Resolved by the Congress of the Confederate States of America, That Congress hails with delight the manifestations evinced by the brave and gallant officers and privates of the Ninth regiment, Alabama volunteers, who have stood under the fire of the enemy for nearly 3 years, never to yield to Northern oppression, and for this act of partiotism and exalted self-sacrifice, in re-enlisting for the war, the thanks of Congress and the country are eminently due them. That the example of those brave men who have endured the dangers and perils of the war since its commencement is a happy omen for the future, and should encourage Congress and the country to rest with an abiding hope and confidence in the success of our arms and the final triumph of liberty, under the lead of those brave and unconquerable spirits. Approved February 16, 1864.
|May 5 – 7||
Suffered about 50 casualties, including Captains Elias Jacobs (killed) and John A. Cobb (wounded)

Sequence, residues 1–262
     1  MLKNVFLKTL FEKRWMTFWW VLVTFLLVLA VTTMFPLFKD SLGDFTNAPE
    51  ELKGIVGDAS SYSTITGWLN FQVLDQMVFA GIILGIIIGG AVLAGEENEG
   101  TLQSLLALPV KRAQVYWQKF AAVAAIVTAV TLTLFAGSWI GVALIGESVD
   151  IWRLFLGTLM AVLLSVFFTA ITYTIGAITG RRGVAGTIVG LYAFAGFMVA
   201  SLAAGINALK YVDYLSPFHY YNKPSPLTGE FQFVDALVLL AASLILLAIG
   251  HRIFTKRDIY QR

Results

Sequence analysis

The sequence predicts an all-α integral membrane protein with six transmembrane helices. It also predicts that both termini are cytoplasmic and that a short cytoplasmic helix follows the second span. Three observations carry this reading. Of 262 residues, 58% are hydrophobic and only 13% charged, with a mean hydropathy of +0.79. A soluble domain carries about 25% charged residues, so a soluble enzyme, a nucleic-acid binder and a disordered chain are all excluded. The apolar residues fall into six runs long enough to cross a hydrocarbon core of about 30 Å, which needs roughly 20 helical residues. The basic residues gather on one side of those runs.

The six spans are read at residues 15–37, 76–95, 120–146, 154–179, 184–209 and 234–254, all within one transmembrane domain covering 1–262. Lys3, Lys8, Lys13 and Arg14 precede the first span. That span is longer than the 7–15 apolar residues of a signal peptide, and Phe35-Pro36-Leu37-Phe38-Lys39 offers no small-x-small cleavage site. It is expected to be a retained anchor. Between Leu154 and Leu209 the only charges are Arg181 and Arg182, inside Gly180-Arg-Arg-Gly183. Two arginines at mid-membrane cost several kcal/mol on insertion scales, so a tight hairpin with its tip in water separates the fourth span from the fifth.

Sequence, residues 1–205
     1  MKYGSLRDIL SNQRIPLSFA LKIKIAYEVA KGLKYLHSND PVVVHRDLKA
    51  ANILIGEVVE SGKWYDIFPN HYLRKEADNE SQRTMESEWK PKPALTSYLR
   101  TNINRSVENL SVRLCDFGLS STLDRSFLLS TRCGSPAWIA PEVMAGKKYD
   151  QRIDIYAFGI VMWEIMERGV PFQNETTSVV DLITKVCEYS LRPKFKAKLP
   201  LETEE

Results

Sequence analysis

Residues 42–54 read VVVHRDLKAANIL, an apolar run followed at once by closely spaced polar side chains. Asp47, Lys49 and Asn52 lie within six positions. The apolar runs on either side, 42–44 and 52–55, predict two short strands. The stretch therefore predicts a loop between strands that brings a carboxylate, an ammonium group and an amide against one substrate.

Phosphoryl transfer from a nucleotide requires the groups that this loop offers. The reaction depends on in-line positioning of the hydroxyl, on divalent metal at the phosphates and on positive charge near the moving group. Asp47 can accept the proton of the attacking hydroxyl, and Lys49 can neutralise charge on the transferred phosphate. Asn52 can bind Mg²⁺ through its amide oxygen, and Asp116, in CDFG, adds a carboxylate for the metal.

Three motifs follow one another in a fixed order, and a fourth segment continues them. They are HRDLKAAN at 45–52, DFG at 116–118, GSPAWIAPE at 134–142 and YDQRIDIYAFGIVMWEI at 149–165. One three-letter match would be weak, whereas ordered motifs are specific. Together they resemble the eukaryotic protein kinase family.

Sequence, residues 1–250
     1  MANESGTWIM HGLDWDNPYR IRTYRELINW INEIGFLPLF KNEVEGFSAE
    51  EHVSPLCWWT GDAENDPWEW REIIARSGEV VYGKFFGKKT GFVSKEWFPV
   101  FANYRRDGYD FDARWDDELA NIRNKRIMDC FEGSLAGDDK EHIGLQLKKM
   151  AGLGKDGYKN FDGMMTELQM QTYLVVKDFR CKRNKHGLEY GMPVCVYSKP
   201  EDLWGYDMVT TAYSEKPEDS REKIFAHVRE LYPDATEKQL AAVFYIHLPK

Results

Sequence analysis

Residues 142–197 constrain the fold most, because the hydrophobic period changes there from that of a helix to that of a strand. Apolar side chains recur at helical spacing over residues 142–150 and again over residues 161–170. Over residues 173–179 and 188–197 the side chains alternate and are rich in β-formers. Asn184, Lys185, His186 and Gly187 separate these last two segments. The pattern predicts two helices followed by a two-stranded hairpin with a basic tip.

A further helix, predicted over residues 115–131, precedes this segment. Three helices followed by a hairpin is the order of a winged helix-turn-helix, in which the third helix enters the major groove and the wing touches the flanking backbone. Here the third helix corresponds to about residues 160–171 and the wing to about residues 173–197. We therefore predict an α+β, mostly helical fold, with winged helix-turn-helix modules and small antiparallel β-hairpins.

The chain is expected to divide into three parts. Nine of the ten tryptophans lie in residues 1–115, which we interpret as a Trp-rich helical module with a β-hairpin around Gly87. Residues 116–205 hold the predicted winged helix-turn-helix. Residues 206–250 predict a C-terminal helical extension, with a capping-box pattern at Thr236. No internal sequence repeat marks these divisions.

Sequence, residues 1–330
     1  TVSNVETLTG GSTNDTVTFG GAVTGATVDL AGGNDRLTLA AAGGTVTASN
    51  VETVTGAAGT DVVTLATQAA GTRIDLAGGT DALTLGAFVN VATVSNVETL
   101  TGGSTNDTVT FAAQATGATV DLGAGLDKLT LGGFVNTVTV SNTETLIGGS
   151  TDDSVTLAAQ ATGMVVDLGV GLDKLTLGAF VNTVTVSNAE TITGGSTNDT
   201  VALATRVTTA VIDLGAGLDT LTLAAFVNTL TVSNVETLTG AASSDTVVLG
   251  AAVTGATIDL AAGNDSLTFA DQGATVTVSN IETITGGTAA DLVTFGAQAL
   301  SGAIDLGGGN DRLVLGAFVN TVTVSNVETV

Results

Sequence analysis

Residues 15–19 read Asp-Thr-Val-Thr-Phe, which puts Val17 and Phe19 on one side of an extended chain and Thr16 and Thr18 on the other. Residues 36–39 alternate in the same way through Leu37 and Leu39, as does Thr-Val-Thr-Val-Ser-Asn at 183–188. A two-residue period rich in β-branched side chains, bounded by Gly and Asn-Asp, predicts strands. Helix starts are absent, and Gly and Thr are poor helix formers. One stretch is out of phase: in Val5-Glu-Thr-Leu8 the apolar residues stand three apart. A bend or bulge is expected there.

|May 8 – 12||
Suffered about 60 casualties, including Captain William T. Smith, who was wounded
|May 31 – June 4||
The regiment sufferered about 20 casualties
Battles around Petersburg
The regimental flag was captured. Captain Henry N. Coleman was killed, Captain John Rayburn was wounded, and Captain Benjamin F. Taylor and Adjutant William R. Holcombe were captured.
Sergeant John H. Deaton of Company E captured the colors of two Michigan regiments
Battle of Ream’s Station
|August 30||Captain Elias Jacobs killed in fighting around Petersburg|
|February 5 – 7|
|April 1 – 9||Retreat to Appomattox|
Appomattox Court House
The regiment surrendered 6 officers and 70 men